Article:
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Persona in Autobiography

by Marianne Grisolano
Moraine Valley Community College
Palos Heights, Illinois

Part of a study of nonfiction, including structure, style, and purpose, this lesson is based on Benjamin Franklin's The Autobiography of Benjamin Franklin. It takes up one to two days after the students have begun reading the text (an abridged version), and follows a general introduction to autobiography.

  • To enable students to experience the ways an author, even in an autobiographical piece, can take on different personas
  • To demonstrate how the author's choice of persona helps establish and enhance the purpose and the structure and style of the text
  • To analyze the effect of the various personas Franklin assumes in his autobiography
Activities and Instruction
The class begins with an activity to focus the students' attention and provide a basis for discussion during the explanation/lecture portion of the lesson. Students begin by spending two minutes responding to the following prompt:
Briefly describe yourself as three of the following: a student, a friend, a son or daughter, or a member of your age group.
Students share their responses as a lead-in to an explanation of autobiography that includes the following main points.

Autobiographies are accounts of people's lives written by themselves. They relate the authors' own experiences and/or life histories from their points of view. In one sense, any life story is a self-justification and, as such, is affected by the point of view from which it is told. The authors of autobiographies, like any authors, choose how to present their characters to the audience/readers. They take on a persona, possibly more than one persona, in order to advance their purposes in writing the piece. The various personas also contribute to the structure and narrative flow of the text and create a particular perspective from which events and incidents are related.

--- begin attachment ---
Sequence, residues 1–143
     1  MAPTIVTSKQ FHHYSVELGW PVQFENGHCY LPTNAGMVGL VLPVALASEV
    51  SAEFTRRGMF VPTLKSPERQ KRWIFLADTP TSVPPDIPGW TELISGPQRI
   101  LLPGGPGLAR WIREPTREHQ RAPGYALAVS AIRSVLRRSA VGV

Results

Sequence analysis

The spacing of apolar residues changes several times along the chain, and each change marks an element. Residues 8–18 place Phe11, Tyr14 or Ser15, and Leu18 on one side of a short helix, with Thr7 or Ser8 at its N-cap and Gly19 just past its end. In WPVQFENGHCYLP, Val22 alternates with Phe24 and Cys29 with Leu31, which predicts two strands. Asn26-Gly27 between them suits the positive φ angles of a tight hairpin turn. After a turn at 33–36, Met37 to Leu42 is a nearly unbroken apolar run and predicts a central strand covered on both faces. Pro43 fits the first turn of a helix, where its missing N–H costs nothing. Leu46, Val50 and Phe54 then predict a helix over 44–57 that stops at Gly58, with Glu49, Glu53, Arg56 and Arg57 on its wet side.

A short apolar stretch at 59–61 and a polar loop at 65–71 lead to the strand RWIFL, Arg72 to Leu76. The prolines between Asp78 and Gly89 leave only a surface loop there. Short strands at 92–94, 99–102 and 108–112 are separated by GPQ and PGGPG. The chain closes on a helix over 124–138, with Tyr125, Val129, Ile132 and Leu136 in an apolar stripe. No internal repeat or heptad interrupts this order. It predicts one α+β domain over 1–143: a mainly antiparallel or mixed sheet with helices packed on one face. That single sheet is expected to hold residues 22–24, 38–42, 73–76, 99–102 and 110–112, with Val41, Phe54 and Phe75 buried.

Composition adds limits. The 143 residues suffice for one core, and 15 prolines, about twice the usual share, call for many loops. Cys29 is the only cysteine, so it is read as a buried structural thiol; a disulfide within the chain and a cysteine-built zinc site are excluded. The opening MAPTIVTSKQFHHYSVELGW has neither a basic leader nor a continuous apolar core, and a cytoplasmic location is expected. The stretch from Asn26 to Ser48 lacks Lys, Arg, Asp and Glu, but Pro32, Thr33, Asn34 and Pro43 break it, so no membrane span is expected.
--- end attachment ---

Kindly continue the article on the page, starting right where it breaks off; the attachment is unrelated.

After this explanation, students do two exercises: one drawing on personal experience to explore the concept of persona, and a second to analyze persona in Franklin's autobiography.

Using the descriptions from the focus activity, students develop the following scenario by assuming the viewpoint of a specific persona:
You have been randomly presented a $5 million award, payable in a lump sum, all taxes paid.
They might write their reactions from a range of perspectives, such as a struggling student, a friend or child of the winner, or an established professional who is already financially comfortable. After writing for five minutes, students share their responses with their groups (of four), and each group makes a general report to the class, examining how the perspective changes with each persona.

Next, we discuss how Franklin utilized a variety of personas in The Autobiography of Benjamin Franklin. He was at various times:
Talkative Old Man
Poor Boy Who Made Good
Naïve Believer in Human Perfectibility
An accessible example to analyze is the Talkative Old Man. By focusing on the opening paragraphs as a letter written to his son William, students discuss Franklin's sense of reminiscing on his life, thanking God for his good fortune, and establishing the premise and purpose of the text to follow. Through these elements, he creates a sympathetic and likeable persona.

Students are assigned the following for homework.
Franklin uses a variety of personas in his autobiography: Talkative Old Man, Dandy, Poor Boy Who Made Good, Naïve Believer in Human Perfectibility, Sage, and Benefactor. Find an example of four of these personas in the first 150 pages of the text. (You must use different examples than those analyzed in class.) Then answer the following questions for each persona you have chosen.
  1. What purpose does this persona serve in the creation of our perception of the author?
  2. How does Franklin's choice contribute to the flow and structure of the narrative?
  3. Which persona do you find most effective? Why?

Marianne Grisolano has taught composition and literature at the college level for six years. She is currently an adjunct instructor at Moraine Valley Community College in Palos Heights, Illinois. She earned a bachelor's degree in English and an Illinois secondary teaching certificate in 1995. She also holds a master's degree in communications and is currently completing her second master's degree in writing at DePaul University.

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